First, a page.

In “Bombshell,” Charlize Theron delivers an Oscar-worthy performance as Megyn Kelly, a larger-than-life lawyer best remembered for her aggressive questioning of candidate Donald Trump who replied when she cited Trump for calling women dogs, pigs and bimbos, “You could see there was blood coming out of her eyes. Blood coming out of her wherever.” This is the kind of programming, perhaps, that made Fox the number one cable news program in America. The picture as whole, though, is directed in a pedestrian way by Jay Roach, whose “Trumbo” was a devastating look at screenwriter Dalton Trumbo who in 1947 was blacklisted for his leftist political beliefs. Except for a documentary-style run showing events during past years, “Bombshell” follows a chronological trajectory, the style used by documentary filmmakers, but Michael Moore could probably make a doc with more biting satire and a boatload of humor that is largely missing from this film.
Roach uses a screenplay by Charles Randolph, whose “The Life of David Gale” is generally considered a flub but whose “The Big Short” is a dynamic piece of muckraking exposing financiers on Wall Street who actually hoped that their clients would be unable to pay their mortgages. The current movie is anchored by three women, all blondes with fine figures, which Fox demands of its frontline news people. Charlize Theron serves as first among equals in the role of Megyn Kelly, who turned to journalism after a career as a corporate defense attorney and was included in the Time magazine list of the 100 most influential people. Her career town a sharp turn downward following her accusation that Roger Ailes, here played by John Lithgow complete with the jowels and triple chin of the news boss from the second floor and who is so large that he needed a walker to get around. Kelly accuses the late Roger Ailes of trying to kiss her on the lips, noting that Ailes freely told her that she has to play ball with him behind locked doors if she wants to unlock her career with Fox.
As Gretchen Carlson, Nicole Kidman portrays the journalist and author, also called by Time Magazine among the 100 most influential people in the world in 2017. Like Kelly, she accuses Ailes of harassment, shown here almost desperate in her goal of attracting the testimonies of other women who had been approached by the news boss in similar unsavory ways. She is perhaps the person most able to show that her testimony is not simply lies in order to collect a fat paycheck, suing Roger Ailes directly rather than Fox News, and signing up some twenty additional women with similar tales of sordid behavior.
For her part Kalya Pospisil, played by Margot Robbie, is stunned when called into Ailes’ second-floor office, eager to move up to “the front of the line” in news broadcasting, only to be commanded to life her skirt higher, and “no, higher,” “higher,” by Ailes, sitting comfortably behind his large desk, his breath seeming to come in greater spurts as Kayla, with considerable ambivalence, does what she is told.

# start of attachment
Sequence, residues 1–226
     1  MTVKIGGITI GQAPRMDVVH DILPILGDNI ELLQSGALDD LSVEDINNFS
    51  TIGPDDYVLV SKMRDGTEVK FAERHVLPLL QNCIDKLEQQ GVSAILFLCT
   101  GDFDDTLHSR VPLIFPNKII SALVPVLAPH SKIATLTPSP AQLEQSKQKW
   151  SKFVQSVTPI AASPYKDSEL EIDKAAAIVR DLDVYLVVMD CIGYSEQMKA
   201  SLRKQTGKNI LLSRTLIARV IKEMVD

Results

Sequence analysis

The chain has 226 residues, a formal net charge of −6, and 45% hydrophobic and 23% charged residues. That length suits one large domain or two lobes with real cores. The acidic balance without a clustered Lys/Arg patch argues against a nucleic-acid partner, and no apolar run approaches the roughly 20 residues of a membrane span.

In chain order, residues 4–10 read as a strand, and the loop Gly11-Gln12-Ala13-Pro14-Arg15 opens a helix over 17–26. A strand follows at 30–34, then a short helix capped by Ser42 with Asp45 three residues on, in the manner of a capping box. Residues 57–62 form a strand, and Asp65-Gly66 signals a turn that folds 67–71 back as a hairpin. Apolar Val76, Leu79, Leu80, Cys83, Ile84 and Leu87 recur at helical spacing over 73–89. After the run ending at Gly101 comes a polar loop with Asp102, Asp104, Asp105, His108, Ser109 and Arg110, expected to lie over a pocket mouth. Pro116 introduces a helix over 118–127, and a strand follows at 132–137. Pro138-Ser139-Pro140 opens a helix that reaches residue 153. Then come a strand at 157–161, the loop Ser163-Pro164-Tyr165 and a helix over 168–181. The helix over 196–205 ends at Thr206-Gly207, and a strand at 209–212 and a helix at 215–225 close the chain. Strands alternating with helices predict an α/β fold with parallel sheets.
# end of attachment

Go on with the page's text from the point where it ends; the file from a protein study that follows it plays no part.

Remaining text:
The performers are made up to look quite like their real-live counterparts in much that Saturday Night Live has been able to disguise Alec Baldwin as Donald Trump and Kate McKinnon (also appearing here as a closeted lesbian) as KellyAnne Conway, Ruth Bader Ginsberg, Rudy Giuliani and Hillary Clinton among others. Malcolm McDowell gets a small but important role as Rupert Murdoch, the boss of bosses stationed on the eighth floor of the Fox building (filmed by Barry Ackroyd in Los Angeles). Though a big supporter of Ailes, even he turns against the man, refusing even to appear with him to announced Aiels’s dismissal from Fox, though he did hand over a handsome severance check, sending him off on a lavish party.
Fox News, with the slogan “Fair and balanced,” is clearly within the Republican-conservative view of politics, favoring free trade, an anti-abortion platform, and strong family bonds. Hypocrisy abounds, however, beyond the purview of this film, as accusations mounted up against Fox News Latino vice president Francisco Cortes who tried to coerce Tamara N. Holder into performing oral sex, Bill O’Reilly, whose show sporting combative, right-wing propaganda, is canned with the network’s settling with Juliet Huddy, including the firing of Fox sports president Jamie Horowitz.
108 minutes. © 2019 by Harvey Karten, Member, New York Film Critics Online
Reviewed for Shockya.com & BigAppleReviews.net linked from Rotten Tomatoes by: Harvey Karten
Director: Jay Roach
Screenwriter: Charles Randolph
Cast: Margot Robbie, Charlize Theron, Jennifer Morrison, Nicole Kidman
Screened at: Park Ave, NYC, 11/10/19
Opens: December 13, 2019
Story – B
Acting – B+
Technical – B
Overall – B-